Yes, the Chinese are concerned about pollution, but so far, that anxiety has translated into locating coal plants far from congested cities, not banning the fuel’s use. In 2012, China imported more coal than any country in history, and the amount was topped last year by 12 percent.  

Related: Obama Takes Aim at Power Plants to Slow Climate Change 

Others have noted that even a 30 percent drop in U.S. emissions is likely to be overwhelmed by increases elsewhere. The numbers are impressive, and show how insignificant Obama’s environmental gesture will prove. While the U.S. produced 5.3 million metric tons of greenhouse gases in 2012, China emitted 9 million tons; by 2020, China is expected to release 11.5 million tons.

Some in the country will celebrate Mr. Obama’s war on coal; others, especially Democrats running for office in energy-producing states like Kentucky or West Virginia, are not so happy.   

For Democrats nationally, the EPA rules feed the GOP narrative that job creation has always been a low priority for President Obama, even as it has been the top concern for the country. Perhaps aware that the new regulations are controversial, Mr. Obama allowed EPA head Lisa Jackson to unveil the anti-coal plan; it is rare that the president foregoes a Rose Garden photo-op.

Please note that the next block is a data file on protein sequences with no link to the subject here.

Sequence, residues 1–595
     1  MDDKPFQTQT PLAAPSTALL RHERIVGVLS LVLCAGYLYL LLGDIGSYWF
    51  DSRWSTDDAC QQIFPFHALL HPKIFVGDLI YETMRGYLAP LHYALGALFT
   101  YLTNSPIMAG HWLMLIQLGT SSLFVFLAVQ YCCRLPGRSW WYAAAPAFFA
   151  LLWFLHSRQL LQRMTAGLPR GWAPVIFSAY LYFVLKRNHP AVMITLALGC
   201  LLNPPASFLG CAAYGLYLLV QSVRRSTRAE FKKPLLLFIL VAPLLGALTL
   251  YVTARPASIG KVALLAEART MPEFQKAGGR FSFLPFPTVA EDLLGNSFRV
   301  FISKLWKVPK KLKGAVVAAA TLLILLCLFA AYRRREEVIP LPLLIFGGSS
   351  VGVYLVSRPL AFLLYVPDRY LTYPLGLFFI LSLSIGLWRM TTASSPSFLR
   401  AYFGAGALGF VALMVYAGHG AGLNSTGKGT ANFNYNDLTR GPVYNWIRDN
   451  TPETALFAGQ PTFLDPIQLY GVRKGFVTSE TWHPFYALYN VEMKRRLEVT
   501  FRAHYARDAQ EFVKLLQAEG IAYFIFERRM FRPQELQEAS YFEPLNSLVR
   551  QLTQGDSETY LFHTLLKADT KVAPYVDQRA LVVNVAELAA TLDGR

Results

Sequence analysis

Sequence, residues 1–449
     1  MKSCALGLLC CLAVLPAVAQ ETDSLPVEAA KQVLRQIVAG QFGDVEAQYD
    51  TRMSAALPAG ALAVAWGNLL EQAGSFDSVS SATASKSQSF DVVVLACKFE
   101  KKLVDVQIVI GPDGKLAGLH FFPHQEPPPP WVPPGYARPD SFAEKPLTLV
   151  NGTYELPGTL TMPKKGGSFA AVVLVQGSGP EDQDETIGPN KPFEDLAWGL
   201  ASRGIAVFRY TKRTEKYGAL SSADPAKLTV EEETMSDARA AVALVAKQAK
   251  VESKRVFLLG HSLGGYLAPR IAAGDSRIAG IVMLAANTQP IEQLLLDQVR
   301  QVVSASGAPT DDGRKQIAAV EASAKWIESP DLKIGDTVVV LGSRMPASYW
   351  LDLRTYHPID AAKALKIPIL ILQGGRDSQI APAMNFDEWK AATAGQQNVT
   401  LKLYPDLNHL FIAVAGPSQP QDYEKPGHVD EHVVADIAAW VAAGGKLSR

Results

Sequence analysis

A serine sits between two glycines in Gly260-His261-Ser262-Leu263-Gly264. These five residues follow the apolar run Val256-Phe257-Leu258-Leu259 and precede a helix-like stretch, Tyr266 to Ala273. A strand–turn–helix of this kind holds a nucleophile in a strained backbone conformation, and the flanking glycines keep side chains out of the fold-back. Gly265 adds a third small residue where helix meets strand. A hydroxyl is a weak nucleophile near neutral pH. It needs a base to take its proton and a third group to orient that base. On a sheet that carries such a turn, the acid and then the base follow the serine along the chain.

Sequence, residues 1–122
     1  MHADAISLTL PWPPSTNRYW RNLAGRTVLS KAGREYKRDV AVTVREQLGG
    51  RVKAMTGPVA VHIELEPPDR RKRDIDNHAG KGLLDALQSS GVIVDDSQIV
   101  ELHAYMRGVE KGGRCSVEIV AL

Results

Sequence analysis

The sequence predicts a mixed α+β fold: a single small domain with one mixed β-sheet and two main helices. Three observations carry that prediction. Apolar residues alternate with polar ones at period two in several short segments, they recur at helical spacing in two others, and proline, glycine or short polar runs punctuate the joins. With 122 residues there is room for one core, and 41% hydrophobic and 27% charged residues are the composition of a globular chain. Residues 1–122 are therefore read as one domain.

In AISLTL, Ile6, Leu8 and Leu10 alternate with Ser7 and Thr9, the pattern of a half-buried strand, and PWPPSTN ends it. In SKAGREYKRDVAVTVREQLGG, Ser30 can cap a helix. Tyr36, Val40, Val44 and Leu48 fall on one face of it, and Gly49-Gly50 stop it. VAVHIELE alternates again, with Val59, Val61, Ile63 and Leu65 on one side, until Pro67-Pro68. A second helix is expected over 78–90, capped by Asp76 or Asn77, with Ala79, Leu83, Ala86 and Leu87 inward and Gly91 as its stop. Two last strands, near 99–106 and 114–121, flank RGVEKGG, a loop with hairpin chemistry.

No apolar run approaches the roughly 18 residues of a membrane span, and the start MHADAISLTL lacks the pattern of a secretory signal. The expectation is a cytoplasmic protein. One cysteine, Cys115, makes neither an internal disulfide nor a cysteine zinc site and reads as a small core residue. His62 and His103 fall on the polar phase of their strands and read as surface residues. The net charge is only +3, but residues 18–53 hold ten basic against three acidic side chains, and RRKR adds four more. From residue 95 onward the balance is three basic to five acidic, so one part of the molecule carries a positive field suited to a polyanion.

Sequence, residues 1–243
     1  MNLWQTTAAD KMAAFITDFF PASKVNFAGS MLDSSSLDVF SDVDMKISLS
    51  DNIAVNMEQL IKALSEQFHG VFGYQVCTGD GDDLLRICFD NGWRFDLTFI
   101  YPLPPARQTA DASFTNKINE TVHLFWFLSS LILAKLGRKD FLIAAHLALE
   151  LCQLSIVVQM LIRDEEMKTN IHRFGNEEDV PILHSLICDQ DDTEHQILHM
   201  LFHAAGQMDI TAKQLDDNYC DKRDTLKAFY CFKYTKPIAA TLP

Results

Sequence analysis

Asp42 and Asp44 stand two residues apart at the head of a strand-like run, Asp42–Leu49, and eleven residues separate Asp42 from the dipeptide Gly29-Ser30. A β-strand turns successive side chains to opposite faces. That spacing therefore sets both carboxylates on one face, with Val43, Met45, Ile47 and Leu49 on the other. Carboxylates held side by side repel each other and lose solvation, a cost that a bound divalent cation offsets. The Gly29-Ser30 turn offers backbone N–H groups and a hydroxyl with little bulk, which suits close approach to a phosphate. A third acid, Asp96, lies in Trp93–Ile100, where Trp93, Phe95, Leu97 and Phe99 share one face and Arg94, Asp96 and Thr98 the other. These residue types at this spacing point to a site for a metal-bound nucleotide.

President Obama will not take advantage of Russia’s faltering growth, or drive a competition with China based on cheap fuel; he will not promote our energy success. He is too busy seeking his legacy among policies unpopular with most Americans, like Obamacare and combating climate change. It is the greatest irony that his real shot at legacy is right in front of him – in exploiting our unexpected and enriching energy explosion. He just can’t see it.